Sunday, September 13, 2009

The Importance of Happiness

That beautiful young guy is Nate, the youngest of our grandchildren. Oldest son Steve's great photo captured a sheer joy that cannot be conveyed in words.

A recent blog post took a look at various forms of negative self-talk and their consequences. Simply reducing negative emotion, however, is not what brings access to energy, creativity, and the ability to sustain directed effort. For that, we need well-being: frequent experiences of happiness, life satisfaction, psychological and physical energy, and closeness with others. (For background on the important topic of psychological well-being, check out this earlier post.)

Happiness is a state that results from the affirmation and attainment of our values. Happiness is more than simple pleasure: it is an experience of fulfillment. Much suffering in life comes from the attempt to wring happiness from pleasure. All the food, parties, purchases, and holidays in the world cannot duplicate the experience of realizing a lifelong goal.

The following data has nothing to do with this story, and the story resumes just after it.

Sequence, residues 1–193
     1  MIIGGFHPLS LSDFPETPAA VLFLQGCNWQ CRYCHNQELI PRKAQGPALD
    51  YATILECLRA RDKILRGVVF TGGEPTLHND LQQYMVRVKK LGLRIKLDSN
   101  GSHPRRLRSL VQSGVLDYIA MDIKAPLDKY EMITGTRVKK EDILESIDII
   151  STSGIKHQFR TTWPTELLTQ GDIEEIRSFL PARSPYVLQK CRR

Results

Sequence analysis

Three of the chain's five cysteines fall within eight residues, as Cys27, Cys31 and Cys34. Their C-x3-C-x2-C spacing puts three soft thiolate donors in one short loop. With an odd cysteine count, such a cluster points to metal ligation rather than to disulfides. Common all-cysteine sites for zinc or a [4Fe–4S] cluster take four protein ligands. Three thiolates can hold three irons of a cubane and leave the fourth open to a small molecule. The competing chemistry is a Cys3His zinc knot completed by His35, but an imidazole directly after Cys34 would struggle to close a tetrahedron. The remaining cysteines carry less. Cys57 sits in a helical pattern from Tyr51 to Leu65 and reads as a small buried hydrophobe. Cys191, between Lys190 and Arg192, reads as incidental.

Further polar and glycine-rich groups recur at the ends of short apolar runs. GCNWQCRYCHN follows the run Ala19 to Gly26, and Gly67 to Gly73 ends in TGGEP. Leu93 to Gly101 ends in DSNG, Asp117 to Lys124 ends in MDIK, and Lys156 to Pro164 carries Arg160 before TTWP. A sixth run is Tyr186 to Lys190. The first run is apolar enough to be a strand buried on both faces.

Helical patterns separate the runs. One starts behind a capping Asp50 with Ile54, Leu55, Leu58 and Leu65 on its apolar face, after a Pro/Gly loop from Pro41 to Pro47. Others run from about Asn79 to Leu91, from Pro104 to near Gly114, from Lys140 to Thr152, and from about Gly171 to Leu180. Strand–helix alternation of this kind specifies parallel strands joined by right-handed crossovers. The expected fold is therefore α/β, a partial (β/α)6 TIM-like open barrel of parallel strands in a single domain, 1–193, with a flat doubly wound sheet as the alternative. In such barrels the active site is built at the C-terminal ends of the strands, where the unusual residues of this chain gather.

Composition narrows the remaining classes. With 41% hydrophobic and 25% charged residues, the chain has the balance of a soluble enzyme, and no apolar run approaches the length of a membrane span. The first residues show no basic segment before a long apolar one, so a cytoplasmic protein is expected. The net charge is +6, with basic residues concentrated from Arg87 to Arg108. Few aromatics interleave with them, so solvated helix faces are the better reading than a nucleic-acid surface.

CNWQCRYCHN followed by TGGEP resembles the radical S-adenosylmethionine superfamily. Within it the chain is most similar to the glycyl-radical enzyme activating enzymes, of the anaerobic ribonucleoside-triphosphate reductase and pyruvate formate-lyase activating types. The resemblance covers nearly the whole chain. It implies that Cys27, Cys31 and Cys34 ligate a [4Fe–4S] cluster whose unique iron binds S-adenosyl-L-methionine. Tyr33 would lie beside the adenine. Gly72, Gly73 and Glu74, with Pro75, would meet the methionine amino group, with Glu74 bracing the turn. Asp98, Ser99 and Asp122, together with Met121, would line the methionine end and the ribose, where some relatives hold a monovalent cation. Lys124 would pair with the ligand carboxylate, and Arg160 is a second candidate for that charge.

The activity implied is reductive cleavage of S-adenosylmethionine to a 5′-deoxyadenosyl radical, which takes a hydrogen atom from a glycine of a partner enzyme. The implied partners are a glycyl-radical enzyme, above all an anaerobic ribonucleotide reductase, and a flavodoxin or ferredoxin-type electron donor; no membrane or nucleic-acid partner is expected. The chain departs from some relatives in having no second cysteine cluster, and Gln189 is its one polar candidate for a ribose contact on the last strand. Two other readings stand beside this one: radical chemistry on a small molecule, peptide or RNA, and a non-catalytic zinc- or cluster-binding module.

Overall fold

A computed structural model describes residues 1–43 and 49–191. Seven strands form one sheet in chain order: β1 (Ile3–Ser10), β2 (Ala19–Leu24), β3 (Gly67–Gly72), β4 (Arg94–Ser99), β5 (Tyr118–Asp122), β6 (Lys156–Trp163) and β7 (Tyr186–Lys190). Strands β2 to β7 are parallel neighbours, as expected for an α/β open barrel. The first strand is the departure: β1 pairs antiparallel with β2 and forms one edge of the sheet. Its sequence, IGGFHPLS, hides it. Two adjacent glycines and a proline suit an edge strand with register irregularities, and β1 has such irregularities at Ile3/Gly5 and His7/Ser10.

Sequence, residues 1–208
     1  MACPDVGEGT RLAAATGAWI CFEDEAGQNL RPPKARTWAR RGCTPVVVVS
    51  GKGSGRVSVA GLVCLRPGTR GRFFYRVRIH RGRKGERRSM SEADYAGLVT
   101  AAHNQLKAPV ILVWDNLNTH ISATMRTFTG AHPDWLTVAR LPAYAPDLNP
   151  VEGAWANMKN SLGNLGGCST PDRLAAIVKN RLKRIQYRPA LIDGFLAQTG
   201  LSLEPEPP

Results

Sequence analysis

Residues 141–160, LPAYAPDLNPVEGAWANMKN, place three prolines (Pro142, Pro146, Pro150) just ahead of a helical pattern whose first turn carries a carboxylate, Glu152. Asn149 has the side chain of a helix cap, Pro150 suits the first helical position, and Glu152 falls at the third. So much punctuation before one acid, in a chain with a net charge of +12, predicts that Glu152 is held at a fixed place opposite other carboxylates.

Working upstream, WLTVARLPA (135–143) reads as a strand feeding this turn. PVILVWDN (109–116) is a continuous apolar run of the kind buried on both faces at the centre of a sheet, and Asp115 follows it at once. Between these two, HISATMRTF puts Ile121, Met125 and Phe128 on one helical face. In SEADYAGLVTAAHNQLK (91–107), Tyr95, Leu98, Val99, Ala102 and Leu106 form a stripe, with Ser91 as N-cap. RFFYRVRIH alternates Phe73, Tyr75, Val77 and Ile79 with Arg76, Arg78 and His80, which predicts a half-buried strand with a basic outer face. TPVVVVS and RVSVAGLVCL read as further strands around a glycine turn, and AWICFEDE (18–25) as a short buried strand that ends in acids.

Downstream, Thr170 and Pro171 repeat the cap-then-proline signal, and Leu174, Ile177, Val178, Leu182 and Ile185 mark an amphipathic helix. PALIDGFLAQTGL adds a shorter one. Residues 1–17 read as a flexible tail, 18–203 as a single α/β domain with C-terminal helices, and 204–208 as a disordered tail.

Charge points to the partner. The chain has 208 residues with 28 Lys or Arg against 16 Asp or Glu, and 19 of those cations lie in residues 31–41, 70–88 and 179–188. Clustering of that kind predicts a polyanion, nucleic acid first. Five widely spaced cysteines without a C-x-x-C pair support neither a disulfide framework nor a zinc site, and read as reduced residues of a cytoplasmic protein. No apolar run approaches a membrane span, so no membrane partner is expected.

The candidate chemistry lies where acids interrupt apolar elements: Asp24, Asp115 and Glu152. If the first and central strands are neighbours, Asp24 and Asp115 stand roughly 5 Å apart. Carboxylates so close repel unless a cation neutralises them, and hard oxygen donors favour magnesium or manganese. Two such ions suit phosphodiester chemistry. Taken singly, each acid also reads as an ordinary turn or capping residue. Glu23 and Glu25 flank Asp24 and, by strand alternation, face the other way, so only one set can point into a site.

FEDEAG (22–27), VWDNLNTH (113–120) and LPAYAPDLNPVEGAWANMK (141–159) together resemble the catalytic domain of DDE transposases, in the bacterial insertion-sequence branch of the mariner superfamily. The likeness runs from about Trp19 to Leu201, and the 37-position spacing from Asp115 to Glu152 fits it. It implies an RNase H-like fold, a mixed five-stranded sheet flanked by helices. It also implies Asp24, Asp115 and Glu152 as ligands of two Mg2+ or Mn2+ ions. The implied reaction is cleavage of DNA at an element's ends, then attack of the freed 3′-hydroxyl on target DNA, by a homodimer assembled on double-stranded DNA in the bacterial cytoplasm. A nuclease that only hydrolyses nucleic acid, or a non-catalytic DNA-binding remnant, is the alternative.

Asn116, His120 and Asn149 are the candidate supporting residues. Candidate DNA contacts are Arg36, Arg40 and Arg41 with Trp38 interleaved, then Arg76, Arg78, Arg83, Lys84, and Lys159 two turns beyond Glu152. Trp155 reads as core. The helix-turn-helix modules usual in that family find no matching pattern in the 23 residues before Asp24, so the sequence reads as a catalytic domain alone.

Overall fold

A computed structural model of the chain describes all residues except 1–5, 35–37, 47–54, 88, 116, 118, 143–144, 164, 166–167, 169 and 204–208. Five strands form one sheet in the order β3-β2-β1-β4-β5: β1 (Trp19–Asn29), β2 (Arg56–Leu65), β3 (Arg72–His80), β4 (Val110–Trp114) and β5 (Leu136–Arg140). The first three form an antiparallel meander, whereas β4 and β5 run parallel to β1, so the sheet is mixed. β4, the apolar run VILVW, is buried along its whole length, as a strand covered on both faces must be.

There are many ways in which people attempt to counterfeit happiness. Everyone needs some element of challenge, stimulation, and meaning in life. When those are not generated through positive goals and ideals, the drive for life purpose becomes distorted. We become enmeshed in personal problems and squabbles; life's stage shrinks, and we enact petty drama.

Maslow recognized: neurotic conflict is a twisting of the search for meaning, purpose, and actualization. We will always find summits to climb: some authentic, others less so.

Therein lies the appeal and the danger of markets: they can be arenas for self-development and mastery, or they can become battlegrounds for enacting our worst fears, insecurities, and conflicts. They can bring the kind of happiness on Nate's face, or they can bring considerable suffering.